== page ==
50 years after The Beatles? demise, Yoko Ono is still portrayed online and by the media as the quintessential witch who broke up a famous relationship and ruined a great thing. But did she really earn this reputation? And, if not, should she shoulder at least some of the blame for the group?s demise?
A multi-layered topic, it sparks a lively conversation and clashing opinions, punctuated by The Beatles? own recollections and a predictably eclectic collection of tracks.The Music ?No Bed for Beatle John? ?The Ballad of John and Yoko? (Take 7) ?Yer Blues?/?Whole Lotta Yoko? (The Rolling Stones Rock and Roll Circus) ?Who Has Seen the Wind?? Beatles/Yoko Jam (Jan. 10, 1969) ?What?s the New Mary Jane? ?Remember Love? ?Don?t Worry Kyoko? (The Toronto Rock and Roll Revival)
The music, the inspirations, the motivations, the performances, the reservations, the fallout... as well as the cloak-and-dagger story behind how the session tape was bootlegged. Here?s what really happened behind the doors of Decca?s Broadhurst Gardens studio in northwest London?as well as in altogether more covert circumstances on the other side of the Atlantic more than a decade later.The Music ?Money (That?s What I Want)? ? Barrett Strong, The Beatles ?The Sheik of Araby? ? Joe Brown, The Beatles ?Memphis, Tennessee? ? Chuck Berry, The Beatles ?Three Cool Cats? ? The Coasters, The Beatles ?Sure to Fall (In Love with You)? ? Carl Perkins, The Beatles ?September in the Rain? ? Dinah Washington, The Beatles ?Take Good Care of My Baby? ? Bobby Vee, The Beatles ?Till There Was You? ? Peggy Lee, The Beatles ?Crying, Waiting, Hoping? ? Buddy Holly, The Beatles ?To Know Her is to Love Her? ? The Teddy Bears, The Beatles ?Besame Mucho? ? The Coasters, The Beatles ?Searchin?? ? The Coasters, The Beatles ?Like Dreamers Do? ? The Beatles, The Applejacks ?Hello Little Girl? ? The Beatles, The Fourmost ?Love of the Loved? ? Cilla Black, The Beatles ?How Do You Do It?? ? The Beatles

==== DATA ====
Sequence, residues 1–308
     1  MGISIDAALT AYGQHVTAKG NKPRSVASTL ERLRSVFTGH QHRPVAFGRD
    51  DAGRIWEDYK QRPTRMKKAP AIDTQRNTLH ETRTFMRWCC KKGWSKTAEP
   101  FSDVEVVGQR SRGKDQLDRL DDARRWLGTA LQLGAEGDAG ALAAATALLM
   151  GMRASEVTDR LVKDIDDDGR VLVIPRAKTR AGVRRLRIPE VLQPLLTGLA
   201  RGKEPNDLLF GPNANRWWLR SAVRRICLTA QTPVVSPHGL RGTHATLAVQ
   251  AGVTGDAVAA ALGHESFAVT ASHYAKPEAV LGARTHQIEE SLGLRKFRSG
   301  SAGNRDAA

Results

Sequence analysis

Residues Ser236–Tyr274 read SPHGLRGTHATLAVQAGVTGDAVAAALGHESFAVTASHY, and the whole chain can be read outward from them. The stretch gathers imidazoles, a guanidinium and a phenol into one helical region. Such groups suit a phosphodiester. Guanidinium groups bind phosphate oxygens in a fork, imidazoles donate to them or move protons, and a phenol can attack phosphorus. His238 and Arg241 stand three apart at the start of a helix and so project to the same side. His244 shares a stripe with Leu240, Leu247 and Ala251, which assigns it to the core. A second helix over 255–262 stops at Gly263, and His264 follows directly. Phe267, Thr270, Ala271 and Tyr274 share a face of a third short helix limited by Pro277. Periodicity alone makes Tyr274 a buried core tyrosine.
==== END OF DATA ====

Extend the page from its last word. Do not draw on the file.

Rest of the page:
Physically fighting cancer and a crazed attacker while mentally preparing for his transition to the next phase of his spiritual journey, the youngest Beatle navigated the last stage of his earthly existence with characteristic faith, bravery? and humour. At the same time, racing to record an album worthy of closing out a legendary career, he wrote some of his most poetic lyrics to reflect and comment on the past, present and future?complemented by sublime musicianship that resulted in one of the greatest of all posthumous releases.